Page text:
Valerie Anglemyer, a middle school teacher with more than 13 years of experience, says it can be difficult to create engaging course work that's applicable to the challenges students face. "I think that sometimes, teachers don't know where to begin. Teachers are always looking for ways to make learning in their classrooms more relevant."

So what resources do teachers turn to in an increasingly fractured world? "Joining a professional learning network that supports and challenges thinking is one of the most impactful things that a teacher can do to support their own learning," Anglemyer says.

Valerie Anglemyer, a middle school teacher with more than 13 years of experience.

A new program for teachers that offers this network along with other resources is the WE Teachers Program, an initiative developed by Walgreens in partnership with ME to WE and Mental Health America. WE Teachers provides tools and resources, at no cost to teachers, looking for guidance around the social issues related to poverty, youth violence, mental health, bullying, and diversity and inclusion. Through online modules and trainings as well as a digital community, these resources help them address the critical issues their students face.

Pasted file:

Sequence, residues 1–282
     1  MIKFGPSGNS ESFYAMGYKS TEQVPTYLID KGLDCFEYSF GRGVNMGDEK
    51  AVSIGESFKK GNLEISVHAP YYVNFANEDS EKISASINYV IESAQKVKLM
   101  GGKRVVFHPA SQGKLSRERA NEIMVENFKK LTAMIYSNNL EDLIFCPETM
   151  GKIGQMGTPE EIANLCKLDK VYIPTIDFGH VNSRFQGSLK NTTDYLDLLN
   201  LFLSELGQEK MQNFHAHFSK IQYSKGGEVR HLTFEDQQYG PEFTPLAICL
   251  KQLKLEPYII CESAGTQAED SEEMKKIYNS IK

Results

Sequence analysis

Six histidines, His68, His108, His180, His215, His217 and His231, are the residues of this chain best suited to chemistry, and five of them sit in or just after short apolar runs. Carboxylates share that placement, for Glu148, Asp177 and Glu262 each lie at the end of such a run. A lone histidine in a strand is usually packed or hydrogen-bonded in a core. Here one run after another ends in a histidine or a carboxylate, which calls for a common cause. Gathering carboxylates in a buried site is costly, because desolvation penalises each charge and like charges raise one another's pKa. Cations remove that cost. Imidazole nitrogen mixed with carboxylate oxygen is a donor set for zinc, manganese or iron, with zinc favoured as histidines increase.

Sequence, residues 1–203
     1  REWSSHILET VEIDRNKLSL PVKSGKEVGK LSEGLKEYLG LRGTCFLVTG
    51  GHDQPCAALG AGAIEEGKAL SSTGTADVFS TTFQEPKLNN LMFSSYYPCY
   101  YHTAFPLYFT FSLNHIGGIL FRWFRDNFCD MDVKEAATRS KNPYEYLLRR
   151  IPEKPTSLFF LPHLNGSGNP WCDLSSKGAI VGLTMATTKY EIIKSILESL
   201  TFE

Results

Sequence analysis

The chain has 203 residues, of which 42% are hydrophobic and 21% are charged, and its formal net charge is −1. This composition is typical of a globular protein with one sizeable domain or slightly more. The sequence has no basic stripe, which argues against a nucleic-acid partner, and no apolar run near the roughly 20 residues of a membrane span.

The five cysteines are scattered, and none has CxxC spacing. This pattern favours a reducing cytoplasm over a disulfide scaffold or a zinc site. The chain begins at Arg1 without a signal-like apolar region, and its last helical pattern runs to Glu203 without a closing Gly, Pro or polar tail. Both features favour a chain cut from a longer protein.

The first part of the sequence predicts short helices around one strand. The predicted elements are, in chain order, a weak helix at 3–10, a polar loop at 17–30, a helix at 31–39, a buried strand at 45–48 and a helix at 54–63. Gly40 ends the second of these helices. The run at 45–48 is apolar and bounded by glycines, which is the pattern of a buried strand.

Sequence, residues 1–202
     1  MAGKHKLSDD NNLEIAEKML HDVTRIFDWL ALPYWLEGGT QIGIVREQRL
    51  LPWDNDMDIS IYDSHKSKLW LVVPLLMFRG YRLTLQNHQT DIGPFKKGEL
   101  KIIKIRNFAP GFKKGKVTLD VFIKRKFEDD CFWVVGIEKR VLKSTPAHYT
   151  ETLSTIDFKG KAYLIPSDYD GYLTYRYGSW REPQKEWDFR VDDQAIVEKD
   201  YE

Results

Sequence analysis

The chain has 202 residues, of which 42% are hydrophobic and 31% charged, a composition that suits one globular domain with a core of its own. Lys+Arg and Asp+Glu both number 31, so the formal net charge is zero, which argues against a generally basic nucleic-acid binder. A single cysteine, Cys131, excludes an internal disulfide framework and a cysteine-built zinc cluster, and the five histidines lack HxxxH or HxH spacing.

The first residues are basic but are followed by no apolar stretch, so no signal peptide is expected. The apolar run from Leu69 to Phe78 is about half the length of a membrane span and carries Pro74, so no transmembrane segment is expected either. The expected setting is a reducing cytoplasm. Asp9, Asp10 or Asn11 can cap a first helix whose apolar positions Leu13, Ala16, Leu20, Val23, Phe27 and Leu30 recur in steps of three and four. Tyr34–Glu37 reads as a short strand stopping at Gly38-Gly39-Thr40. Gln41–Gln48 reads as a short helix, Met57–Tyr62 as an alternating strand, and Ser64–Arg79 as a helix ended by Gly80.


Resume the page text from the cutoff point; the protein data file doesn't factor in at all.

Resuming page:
Jessica Mauritzen, a high school Spanish teacher, credits a network of support for providing her with new opportunities to enrich the learning experience for her students. "This past year was a year of awakening for me and through support… I realized that I was able to teach in a way that built up our community, our school, and our students, and supported them to become young leaders," she says.